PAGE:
Sunday, May 20, 2012

Billions and billions of corals

Liz Wiggins showing off her humongous fossil coral,
a mystery species that grows 1cm/yr. The piece she
found will likely yield 50 years of continuous record.
No idea when it grew, we'll have to wait for U/Th
radiometric dates to tell us. 
Sorry not to post for a few days. It takes forever with the internet connection we have, and we have been BUSY collecting corals.

Our mini-truck with rigged rain fly, providing much-needed
shade.
The last two days we've been over on the windward side of the island, called "Bay of Wrecks", scouting the 20km-long beach for fossil coral rubble like those pieces shown in the photo. The first day we took our rust-bucket mini-truck with no shade, rigging a rain fly over the back in a desperate attempt to get the team some shade (see photo). We near-wilted in the sun. Everyone got sunburned.

Day 2 we were a bit better prepared, both mentally and physically. Liz broke out the Southern Belle hat (see photo), so you know it was serious sun. We also had rented a huge truck with a pavilion over the back for the day, from a local named Mopuola, who turns out to have a BS from Tuvalu and speaks perfect English. I only found all this out *after* I had bungled my way through an elaborate mime routine to communicate my desire to rent his truck. What an idiot. My miming skills aren't really coming in handy here, most people speak fairly good English. For example, we had found some rather large Porites corals (our target of interest for paleoclimate reconstruction) in some of the village gardens. We went to bungle our way through a conversation, and found ourselves speaking with a bunch of English-proficient villagers. They were very curious what we were doing with their rocks, and some of them wanted them back after we poked holes in them. We tried to explain our purposes, things clicked a bit better when we said "El Nino", as their lives are at the mercy of the El Nino-Southern Oscillation extremes here. We will be giving some presentations in the local high schools tomorrow, to explain to them the uniquely valuable records that are strewn about their gardens, white gold to us. We will have to spend a fevered few days drilling the larger Porites heads we found scattered throughout the village. That haul will add to over 400 fossil coral samples we collected yesterday! We will definitely top 1000 on this trip.

Why do we need so many fossil corals, you might ask? For a couple reasons. One, we do not know when any of these corals grew, and we'd really like to have good coverage through some key intervals of time. One target is the so-called Medieval Climate Anomaly, roughly 1000 years ago, when mega-droughts ravaged the western United States, and parts of the mid- to high-latitude Northern Hemisphere were warmer than the rest of the millennium. Theory and models suggest that cooler-than-average tropical Pacific temperatures may have contributed to the global climate reorganization, but data in support of this hypothesis (including our original fossil coral reconstruction from nearby Palmyra Island) have been scant and oftentimes conflicting. Hussein will be targeting this interval for his dissertation research, yet we only have 2-3 sequences in our entire collection that date to this interval at present. Hopefully we can provide 10 or so more. The second reason for the over-the-top collection strategy is to make sure that we have multiple individuals from the same time interval, rather than just one or two. That is necessary because we have observed, along with many other coral paleofolk, that contemporaneous corals are offset from each other in oxygen isotopes (the "proxy" that we use to track past climate changes in the corals). We do not yet know why this is the case, but it being the case, we have to beat down that error with large numbers of corals, trusting that the average of many corals is a better estimate of past climate than any single individual.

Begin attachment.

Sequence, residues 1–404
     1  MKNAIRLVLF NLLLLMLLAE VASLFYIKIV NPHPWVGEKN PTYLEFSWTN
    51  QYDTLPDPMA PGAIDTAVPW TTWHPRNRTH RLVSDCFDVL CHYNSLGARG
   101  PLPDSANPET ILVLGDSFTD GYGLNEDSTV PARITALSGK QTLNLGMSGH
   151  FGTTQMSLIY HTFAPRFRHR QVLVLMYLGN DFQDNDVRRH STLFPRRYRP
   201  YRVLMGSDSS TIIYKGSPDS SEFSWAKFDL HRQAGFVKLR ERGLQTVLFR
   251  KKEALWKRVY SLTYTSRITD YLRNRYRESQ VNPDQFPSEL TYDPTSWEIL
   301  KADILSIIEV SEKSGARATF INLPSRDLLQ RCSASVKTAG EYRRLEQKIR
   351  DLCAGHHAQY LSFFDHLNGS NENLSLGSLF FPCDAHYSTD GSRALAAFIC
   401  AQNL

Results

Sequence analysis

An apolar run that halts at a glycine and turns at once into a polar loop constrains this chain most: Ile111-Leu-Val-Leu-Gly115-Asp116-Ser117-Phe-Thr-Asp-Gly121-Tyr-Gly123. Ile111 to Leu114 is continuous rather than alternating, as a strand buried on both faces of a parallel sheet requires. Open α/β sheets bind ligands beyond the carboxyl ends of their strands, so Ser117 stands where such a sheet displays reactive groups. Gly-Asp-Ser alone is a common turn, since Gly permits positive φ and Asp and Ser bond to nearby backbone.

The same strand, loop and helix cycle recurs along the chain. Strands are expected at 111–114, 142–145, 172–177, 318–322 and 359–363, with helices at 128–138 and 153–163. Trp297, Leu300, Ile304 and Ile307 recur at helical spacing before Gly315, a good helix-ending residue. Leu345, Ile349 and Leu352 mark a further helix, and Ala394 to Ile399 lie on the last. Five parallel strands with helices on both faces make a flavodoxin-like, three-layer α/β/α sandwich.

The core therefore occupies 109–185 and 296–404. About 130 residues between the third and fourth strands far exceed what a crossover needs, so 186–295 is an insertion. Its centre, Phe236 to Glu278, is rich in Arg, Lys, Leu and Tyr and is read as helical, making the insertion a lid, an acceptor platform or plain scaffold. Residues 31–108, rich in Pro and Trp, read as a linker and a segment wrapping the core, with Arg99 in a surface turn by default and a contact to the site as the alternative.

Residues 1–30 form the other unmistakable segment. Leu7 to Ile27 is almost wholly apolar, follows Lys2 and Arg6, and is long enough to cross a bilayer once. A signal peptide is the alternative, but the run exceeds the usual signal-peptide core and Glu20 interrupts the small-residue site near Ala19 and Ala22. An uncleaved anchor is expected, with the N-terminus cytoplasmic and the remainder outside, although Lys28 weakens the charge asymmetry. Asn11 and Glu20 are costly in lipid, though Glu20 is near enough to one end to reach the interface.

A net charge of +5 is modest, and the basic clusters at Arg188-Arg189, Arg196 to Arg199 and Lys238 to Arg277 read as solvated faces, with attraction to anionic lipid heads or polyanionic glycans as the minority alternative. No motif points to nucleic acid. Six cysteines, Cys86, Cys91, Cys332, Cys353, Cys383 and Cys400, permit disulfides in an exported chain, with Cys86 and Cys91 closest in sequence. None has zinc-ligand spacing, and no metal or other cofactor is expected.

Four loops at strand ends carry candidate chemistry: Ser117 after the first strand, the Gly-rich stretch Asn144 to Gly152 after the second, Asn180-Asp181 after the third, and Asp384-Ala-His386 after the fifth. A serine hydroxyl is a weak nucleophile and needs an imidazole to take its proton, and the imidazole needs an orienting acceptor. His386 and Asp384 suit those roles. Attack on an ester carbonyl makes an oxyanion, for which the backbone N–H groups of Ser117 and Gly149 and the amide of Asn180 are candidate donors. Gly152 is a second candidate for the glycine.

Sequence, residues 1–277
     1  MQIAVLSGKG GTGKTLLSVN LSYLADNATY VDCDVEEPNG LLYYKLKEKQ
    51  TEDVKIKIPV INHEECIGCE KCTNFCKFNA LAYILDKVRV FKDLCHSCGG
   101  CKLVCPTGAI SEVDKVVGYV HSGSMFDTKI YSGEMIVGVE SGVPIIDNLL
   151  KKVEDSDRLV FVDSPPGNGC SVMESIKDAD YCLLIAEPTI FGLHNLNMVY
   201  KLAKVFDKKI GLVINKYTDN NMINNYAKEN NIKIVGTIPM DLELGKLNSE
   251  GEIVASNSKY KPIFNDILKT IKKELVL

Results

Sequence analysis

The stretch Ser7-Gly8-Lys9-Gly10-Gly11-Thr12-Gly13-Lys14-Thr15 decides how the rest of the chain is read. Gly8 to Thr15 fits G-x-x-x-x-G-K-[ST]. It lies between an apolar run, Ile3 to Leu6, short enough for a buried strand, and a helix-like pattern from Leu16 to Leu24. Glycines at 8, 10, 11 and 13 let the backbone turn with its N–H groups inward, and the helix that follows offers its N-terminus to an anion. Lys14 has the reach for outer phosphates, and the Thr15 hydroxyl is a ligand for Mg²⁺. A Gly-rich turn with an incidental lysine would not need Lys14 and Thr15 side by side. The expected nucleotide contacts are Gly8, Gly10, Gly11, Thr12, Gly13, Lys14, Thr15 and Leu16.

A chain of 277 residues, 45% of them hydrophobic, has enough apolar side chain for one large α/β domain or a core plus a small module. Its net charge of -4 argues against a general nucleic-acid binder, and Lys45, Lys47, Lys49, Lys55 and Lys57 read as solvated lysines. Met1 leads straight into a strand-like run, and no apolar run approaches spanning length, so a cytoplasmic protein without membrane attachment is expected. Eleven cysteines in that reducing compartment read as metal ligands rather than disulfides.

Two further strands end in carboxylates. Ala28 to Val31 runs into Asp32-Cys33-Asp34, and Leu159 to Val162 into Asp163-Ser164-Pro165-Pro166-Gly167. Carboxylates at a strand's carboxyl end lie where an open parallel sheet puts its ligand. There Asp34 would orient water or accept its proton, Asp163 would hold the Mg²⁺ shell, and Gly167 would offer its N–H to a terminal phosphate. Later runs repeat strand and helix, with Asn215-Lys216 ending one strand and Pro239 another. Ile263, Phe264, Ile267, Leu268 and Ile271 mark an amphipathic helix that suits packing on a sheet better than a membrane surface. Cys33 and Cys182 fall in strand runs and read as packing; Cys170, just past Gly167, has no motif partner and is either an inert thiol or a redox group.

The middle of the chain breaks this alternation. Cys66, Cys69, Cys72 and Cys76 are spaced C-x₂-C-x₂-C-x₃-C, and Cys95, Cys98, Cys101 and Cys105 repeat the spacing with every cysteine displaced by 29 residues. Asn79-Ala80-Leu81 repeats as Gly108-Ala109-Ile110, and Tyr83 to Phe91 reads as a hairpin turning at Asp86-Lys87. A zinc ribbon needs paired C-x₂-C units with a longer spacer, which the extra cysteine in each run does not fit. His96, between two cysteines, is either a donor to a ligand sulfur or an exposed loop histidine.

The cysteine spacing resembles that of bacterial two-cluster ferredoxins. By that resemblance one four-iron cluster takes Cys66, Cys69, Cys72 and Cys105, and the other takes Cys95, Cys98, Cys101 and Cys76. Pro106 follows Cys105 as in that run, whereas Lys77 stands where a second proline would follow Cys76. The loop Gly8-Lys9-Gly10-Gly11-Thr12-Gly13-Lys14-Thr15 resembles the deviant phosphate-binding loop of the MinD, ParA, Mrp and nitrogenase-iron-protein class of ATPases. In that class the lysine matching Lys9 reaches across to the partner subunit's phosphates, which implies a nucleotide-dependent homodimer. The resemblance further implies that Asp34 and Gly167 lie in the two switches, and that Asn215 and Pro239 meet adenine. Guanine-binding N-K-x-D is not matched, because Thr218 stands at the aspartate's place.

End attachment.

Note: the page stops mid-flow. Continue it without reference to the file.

And so we collect hundreds and hundreds of samples. I should say that this is not common practice in the field. We usually would be happy to publish a reconstruction with 5-10 samples over a given time period. My first paper contained 8 fossil coral sequences, and was considered over-the-top in terms of numbers of samples. The paper we are writing up right now, spanning the last 7 thousand years, will contain 15 sequences. The project we are launching with this fieldwork is designed to deliver hundreds of sequences for our next papers. A high-volume enterprise, for sure, and very expensive. Fingers crossed that NSF will eventually fund the lab component of our work!

For now, I'm off to breakfast and then a long day of diving. We'll target the usual suspect, Porites, as well as a living colony of the mystery species we collected so many of yesterday (pictured with Liz). It's a stunning day, light wind and sunny, so it should be pleasant out there.

Quote of the day:  "There is no 'I' in fieldwork." [Diane Thompson, pausing for a breather while hauling, together with 3 other people, a 200lb box of fossil coral across a football field-sized stretch of sand to the truck.]

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